Alma Eikoh Japan Large Cap Equity is a long only fund investing in Japanese large cap stocks.
The fund is managed internally by Alma Capital London.

Share Class


Cumulative Performance (%)

Fund Inception 12 June 2014

Daily Monthly Ytd 1Yr 3Yr 5Yr Incept. Incept.Date

The performance data shown represents past performance. Past performance is not a guarantee of future results. Current performance may be lower or higher than the performance quoted. The investment return and the principal value of an investment will fluctuate so that an investor’s shares, when redeemed, may be worth more or less than their original cost.

Strategy & Manager

Fund Strategy

The Strategy seeks long-term capital growth by investing in Japanese large cap stocks, typically with market capitalisation in excess of US$ 1bn. The team analyses long term company fundamentals through extensive in-house bottom up research with strong risk management ethos. At the heart of the philosophy is a deep-seated knowledge and understanding of the Japanese companies that the Eikoh team invests in. Portfolio of around 30 companies which are well managed, profitable and with good prospects.

Investment Manager

Alma Capital London is an FCA-authorised fund management company, which is a subsidiary of Alma Capital Investment Management, a Luxembourg-based independent management company founded in 2006.

Key Persons

James Pulsford
Portfolio Manager
James started his career at Morgan Grenfell in 1987, moving to Japan shortly thereafter. During his 12 years in Tokyo, he went on to become the Head of the Small Cap Equity team. James returned to London in 1999 where he managed a number of Japanese large cap products for what became Deutsche Asset Management. As well as various Japanese long only mandates, James has developed the Equilibria Japan long/short strategy at this time. James now has over 30 years’ experience investing in Japan and speaks fluent Japanese. He holds a BA from Oxford University.

Tom Grew
Portfolio Manager
Tom started his career in management consulting before moving to Eikoh Research Investment Management (ERIM) in 2018, an independent asset management company led by James Pulsford established as a result of the spin out of the Japanese Equity Team from Deutsche Asset Management. At ERIM, he worked on the long-only and hedge funds management. Tom holds a BA from Cambridge University and has completed the CFA syllabus.

Statistics & Commentary


The performance data shown represents past performance. Past performance is not a guarantee of future results. Current performance may be lower or higher than the performance data quoted. The investment return and the principal value of an investment will fluctuate so that an investor's shares, when redeemed, may be worth more or less than their original cost.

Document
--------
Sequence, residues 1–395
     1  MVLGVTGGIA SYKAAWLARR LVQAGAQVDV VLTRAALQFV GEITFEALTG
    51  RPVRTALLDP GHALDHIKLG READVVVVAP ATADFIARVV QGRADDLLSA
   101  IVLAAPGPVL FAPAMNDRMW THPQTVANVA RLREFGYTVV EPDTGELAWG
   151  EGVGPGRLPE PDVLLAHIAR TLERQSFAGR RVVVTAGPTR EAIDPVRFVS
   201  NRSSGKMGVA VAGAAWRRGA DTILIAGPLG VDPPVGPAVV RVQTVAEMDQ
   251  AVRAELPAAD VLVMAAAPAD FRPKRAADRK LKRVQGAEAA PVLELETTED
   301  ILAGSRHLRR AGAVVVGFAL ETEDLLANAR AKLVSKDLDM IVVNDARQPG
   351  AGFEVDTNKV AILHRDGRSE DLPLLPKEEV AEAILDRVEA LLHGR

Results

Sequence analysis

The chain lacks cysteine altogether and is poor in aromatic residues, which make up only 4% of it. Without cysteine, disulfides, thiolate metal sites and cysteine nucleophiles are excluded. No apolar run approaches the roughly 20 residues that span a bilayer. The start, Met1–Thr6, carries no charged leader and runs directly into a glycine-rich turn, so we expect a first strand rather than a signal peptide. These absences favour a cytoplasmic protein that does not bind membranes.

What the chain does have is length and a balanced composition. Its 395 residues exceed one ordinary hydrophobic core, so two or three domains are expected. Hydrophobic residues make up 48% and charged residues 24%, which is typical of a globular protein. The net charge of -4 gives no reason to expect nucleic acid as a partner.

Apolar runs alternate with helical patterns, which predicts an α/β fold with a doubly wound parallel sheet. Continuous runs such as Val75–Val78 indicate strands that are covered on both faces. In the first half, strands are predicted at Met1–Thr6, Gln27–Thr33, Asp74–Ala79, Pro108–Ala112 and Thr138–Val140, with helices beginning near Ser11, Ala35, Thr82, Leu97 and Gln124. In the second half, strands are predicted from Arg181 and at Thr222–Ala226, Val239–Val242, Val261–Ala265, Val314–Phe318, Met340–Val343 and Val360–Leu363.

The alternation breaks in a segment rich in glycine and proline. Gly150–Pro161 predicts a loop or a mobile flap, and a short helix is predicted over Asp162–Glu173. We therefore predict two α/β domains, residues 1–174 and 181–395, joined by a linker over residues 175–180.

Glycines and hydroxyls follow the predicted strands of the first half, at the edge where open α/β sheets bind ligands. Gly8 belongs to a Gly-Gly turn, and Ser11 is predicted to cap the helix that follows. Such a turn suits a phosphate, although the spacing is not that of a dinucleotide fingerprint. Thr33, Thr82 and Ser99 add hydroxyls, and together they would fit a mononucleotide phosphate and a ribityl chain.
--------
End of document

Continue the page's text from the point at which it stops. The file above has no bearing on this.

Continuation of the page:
Portfolio Characteristics

Top 10 Position Details

Investment Manager's Commentary

as of 31/10/2023

Market Review and Outlook

October represented the first down month for the Topix (total return index) this year with the index falling by 3.0%, giving up the gains made during the 3rd quarter of the year. Overseas investors were the heaviest sellers of the market at Y0.9tn and have now bought a net Y4.5tn so far this year and other domestic institutional investors also sold the market. Interestingly, domestic retail investors were again buyers of the market in what is perhaps the start of a shift in the mindset of Japanese savers in this new economic environment. One key theme driving market forces this year has been the behaviour of the Fed, and other central banks in turn. At the beginning of October speculation about the Fed continuing the tightening cycle drove a sell-off in global equities and after a brief recovery, Jerome Powell’s comments later in the month further propelled this narrative and weakness in markets. An additional concern for Japanese investors has been the decision making by the BOJ and the potential exit of the YCC policy and on 31st of September the Bank announced a decision to remove the ‘strict cap’ of 1% on the 10-year yield in its fixed rate purchase operation. Anticipation of this move drove Japanese bonds lower and the yield on the generic 10-year bond climbed steadily throughout the month before shooting up further after the BOJ announcement, ending the month at 0.95%. US yields also rose through the month but in a more modest manner and the currency move in October was muted with Y/$ starting the month at 149.3 and ending it at 151. There was also muted factor performance within the Japanese market with the Topix Value Index matching the performance of the Growth Index despite its strong outperformance so far this year. Broadly, financial sectors and generally economically defensive areas led the market with Insurance, Food Beverage & Tobacco, Banks, Consumer Staples, Telecommunication Services and Financial Services among the top performers. Laggards included Pharmaceuticals & Biotechnology, Automobiles & Components, Semiconductors & Semiconductor Equipment and Capital Goods.